By Hannah Heimbuch
As local kids enjoy their time away from school this holiday season, they can add one more thing to that very important to do list: head for Beluga Lake and strap on some skates.
Several local snowplow contractors have volunteered to keep a space on the northwest side of the lake clear for skaters this winter.
For the Lowe family, this is good news indeed.
“I would love to have an outdoor space for skating,” said Vicki Lowe, a member of the Homer women’s hockey team. “While the rink provides great opportunities to skate, Beluga Lake provides the added benefits of fresh air and sun.”
The younger Lowe skaters second that.
“It would be fun to have a place on Beluga Lake to play and skate,” said Sawyer, 9. His 12-year-old brother Lee said he also wouldn’t mind having a place to head after school for some pond hockey and extra skate time.
Making that kind of thing possible is exactly the goal, said Corbin Arno, who is joining a handful of other snowplow operators to keep that space snow-free.
“It’s an inexpensive sport and a fun activity the whole family can go do,” Arno said. “Get out and enjoy the skating rink out there. If we get one person out there that’ll make it all worth it.”
The decision to clear a space wasn’t a random one. It’s partly in response to a recent lawsuit that freed the City of Homer of the responsibility of snow duty on the lake.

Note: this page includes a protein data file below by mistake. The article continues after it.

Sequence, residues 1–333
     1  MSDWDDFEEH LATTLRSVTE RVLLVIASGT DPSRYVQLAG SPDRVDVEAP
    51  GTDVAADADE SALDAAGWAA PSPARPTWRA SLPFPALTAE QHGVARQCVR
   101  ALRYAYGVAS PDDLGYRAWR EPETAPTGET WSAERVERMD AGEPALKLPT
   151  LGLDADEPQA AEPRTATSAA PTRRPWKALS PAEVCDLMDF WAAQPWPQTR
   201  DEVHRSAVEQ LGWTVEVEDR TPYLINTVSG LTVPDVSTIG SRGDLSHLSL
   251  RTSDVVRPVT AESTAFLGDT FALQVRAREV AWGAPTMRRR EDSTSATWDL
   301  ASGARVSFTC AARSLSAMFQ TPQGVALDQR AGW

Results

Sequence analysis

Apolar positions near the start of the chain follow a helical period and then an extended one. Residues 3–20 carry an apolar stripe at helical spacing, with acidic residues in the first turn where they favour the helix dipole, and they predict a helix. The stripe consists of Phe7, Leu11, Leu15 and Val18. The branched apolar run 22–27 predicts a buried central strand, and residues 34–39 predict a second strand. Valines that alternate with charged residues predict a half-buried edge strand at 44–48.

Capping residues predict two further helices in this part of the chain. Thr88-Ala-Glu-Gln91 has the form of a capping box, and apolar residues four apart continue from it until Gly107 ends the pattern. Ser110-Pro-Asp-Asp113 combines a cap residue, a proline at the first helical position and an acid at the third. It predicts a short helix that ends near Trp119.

When Homer’s Tony Neal donated a parcel of lakeside parkland to Homer three decades ago, he added a stipulation that a space be kept clear and accessible for community ice skating. That part of the plan wasn’t happening, so he filed a lawsuit in an effort to enforce the work.
In June, a judge ruled in favor of the city. While the stipulation was written on the original paperwork surrounding the donation, it seems that the part about snow clearing was handwritten and signed by both parties after the city council agreed to the main resolution.
This shrugging off of responsibility is a shame, said Arno, and he hopes the goodwill effort put forth by this group of local contractors will be a message both to the city and its residents.
“I took it upon myself to start plowing it and keep it opened up because that was part of the deal,” he said. “I contacted several of the plow contractors around town and said hey, let’s take care of this.”
Thus far they’ve been supportive and happy to step up to the job, he said.
“I’m hoping that the citizens realize that our city is failing the citizens of Homer, wasting our tax money on a lawsuit when they’re obligated to (clear) it,” Arno said. It suggests a disturbing trend of failing to listen to community voice, he said. “It goes all the way back to the food tax. I mean how many times do we have to vote on that to get the point across?”
When the snow flies, Arno and the other drivers will make regular stops lakeside during their plow runs. Keeping the snow and access area clear is the big job, but ideally a little more maintenance would give it that extra shine.
“If it was wet mopped it would make it perfect,” Arno said. “Sometimes you get a little bit of a crust and stuff on it.”
Regardless of the city’s reaction, Arno hopes to see kids and families on the lake, enjoying themselves and the park space donated to them. And he’ll be one of them.
“My kids love to skate,” he said. “It’s a great thing for kids to get outside and do.”
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